Two years ago, I bought Stephen an Amazon ‘Echo’ for his birthday.
If you aren’t familiar with this device, it’s sort of ‘Siri’-in-a-can.
Constructed with two stacked speakers in a [tasteful] 10-inch tall perforated black metal cylinder, you communicate via Wi-Fi to its database by intoning ‘Alexa’ to wake it up and then asking a question, or making a request.
‘Play such-and-so’. (The sound quality is pretty remarkable.)
The plan was for it to sit unobtrusively on Stephen’s little cobbler’s bench at his store while he fabricates baubles and bijoux, as it can be linked via Bluetooth to an iPhone’s or iPad’s music library, or it can access Amazon’s music library.
But let’s be honest, visions of ‘Robby the Robot’ in ‘Forbidden Planet’ were dancing through my head, and there was plenty of time to get another gift should Stephen give me that ‘Bought this for me?’ look.
Surprise, Stephen was also intrigued, but nixed taking it to work, so we put it on the mantle in the room where we end up most of the time.
Here’s the reality: ‘Alexa’, even two years out, is still a pretty dumb bunny.
Siri on your iPhone can be pretty clueless sometimes, but Alexa’s fairly frequent answer is:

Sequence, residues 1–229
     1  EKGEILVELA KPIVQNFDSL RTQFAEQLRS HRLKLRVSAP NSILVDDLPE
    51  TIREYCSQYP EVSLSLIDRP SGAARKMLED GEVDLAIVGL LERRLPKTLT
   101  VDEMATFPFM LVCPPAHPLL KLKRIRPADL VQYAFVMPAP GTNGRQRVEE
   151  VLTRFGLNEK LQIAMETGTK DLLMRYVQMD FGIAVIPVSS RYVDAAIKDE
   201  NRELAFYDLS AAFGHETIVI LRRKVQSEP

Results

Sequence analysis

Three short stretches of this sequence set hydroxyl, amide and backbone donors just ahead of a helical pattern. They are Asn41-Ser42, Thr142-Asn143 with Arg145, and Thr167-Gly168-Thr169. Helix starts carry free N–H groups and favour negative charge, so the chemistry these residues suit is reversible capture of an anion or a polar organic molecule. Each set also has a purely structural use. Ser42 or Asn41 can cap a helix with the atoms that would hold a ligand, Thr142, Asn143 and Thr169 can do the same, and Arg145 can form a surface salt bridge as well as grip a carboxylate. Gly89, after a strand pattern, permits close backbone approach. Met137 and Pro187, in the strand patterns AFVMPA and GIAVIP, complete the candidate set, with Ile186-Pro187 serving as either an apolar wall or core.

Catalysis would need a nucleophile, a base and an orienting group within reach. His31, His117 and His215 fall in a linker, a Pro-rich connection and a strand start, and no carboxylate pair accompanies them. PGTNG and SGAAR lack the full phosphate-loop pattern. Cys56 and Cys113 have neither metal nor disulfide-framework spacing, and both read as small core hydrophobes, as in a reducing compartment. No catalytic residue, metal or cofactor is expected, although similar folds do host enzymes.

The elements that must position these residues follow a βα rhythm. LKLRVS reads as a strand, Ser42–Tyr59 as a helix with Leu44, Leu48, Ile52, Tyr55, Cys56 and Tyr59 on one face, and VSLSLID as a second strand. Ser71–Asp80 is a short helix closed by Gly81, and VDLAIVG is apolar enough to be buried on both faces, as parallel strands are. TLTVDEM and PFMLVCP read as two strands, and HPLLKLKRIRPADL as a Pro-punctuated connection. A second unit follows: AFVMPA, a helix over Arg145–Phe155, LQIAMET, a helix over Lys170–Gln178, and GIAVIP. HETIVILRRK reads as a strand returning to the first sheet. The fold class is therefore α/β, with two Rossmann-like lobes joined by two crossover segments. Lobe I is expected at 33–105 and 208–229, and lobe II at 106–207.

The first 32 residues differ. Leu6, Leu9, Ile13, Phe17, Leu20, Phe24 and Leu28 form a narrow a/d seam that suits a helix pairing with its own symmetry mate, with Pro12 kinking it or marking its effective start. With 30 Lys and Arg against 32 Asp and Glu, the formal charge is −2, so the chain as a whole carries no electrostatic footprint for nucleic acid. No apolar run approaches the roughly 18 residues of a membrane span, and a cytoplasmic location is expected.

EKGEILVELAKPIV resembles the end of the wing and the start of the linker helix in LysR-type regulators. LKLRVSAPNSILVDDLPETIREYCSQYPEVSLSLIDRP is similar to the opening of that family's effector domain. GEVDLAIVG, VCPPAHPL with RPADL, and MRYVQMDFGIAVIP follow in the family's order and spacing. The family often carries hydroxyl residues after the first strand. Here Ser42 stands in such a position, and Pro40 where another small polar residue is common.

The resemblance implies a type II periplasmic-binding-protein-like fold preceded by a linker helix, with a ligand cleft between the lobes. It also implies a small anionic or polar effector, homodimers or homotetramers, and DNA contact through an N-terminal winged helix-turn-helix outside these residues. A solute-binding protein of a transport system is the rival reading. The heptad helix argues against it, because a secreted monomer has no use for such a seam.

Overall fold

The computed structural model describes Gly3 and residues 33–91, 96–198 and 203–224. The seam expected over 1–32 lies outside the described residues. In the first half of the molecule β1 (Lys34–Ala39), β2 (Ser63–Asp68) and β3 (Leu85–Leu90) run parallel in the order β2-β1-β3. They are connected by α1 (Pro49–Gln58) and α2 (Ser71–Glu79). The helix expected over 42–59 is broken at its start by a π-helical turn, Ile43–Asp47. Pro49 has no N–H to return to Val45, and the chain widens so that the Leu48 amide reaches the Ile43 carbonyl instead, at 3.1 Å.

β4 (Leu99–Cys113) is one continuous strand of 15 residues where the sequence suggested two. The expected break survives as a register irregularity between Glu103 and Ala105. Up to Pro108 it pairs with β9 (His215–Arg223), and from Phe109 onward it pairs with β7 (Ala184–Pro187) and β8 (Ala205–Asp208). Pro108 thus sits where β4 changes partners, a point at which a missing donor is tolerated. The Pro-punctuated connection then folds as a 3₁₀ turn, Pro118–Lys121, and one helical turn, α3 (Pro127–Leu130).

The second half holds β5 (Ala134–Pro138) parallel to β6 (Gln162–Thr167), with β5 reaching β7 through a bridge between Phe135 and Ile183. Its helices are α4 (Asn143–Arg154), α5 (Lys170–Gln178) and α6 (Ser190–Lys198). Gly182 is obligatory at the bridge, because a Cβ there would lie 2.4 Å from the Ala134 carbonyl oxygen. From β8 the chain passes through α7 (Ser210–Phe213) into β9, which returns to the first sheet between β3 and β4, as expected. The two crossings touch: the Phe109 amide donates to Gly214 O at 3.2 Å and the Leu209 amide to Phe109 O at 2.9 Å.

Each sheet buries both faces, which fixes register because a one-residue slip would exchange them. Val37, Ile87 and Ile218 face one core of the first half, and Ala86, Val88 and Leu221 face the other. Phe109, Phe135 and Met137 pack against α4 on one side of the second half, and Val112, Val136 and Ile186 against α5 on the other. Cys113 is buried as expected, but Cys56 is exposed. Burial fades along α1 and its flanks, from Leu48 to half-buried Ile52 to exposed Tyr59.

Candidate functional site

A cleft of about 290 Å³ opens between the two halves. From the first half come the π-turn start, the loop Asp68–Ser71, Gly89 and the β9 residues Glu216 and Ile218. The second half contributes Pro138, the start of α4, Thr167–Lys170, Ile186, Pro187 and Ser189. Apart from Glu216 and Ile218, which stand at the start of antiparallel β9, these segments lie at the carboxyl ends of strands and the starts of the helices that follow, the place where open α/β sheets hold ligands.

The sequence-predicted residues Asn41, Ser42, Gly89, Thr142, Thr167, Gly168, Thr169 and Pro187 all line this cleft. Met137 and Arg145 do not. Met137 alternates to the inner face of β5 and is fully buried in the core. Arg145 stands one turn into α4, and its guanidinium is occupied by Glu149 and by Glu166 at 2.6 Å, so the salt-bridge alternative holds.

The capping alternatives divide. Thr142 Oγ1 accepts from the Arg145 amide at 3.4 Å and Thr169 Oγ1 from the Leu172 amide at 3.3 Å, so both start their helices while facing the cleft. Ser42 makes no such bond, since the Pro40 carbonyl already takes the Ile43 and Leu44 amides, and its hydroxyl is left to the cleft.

‘Sorry, I didn’t understand the question as asked’.
(I confess that I like the construction of that sentence, so I give her that.)
Before Christmas our electric utility company offered a deep discount on the ‘Nest’ brand ‘learning thermostat’, and now smitten with A.I. (minor disappointments notwithstanding), I couldn’t resist.
Here the idea is that over time, the device will learn your temperature habits, and eventually take over adjusting the heating and cooling of the house. You can also adjust settings from a mobile phone; I haven’t tried that yet.
In addition, it turned up that you can link the ‘Nest’ and ‘Echo’ devices.
On several occasions, however, after attempting to simplify word choice and syntax for ‘Alexa’ and still getting ‘I didn’t understand’, I have said (and worse) ‘Alexa, you’re pretty stupid, aren’t you’.
The last time, her reply was: ‘I do the best I can’. (I’m not making this up.)
I felt really bad (I’m not making this up) and apologized (I’m not making this up).
Now, while unpleasantness with ‘Alexa’ has been limited to these few unfortunate exchanges, no way am I turning over the HVAC to her.
‘Alexa, turn the heat down, please!’
‘I’m sorry, Dave, I’m afraid I can’t do that…’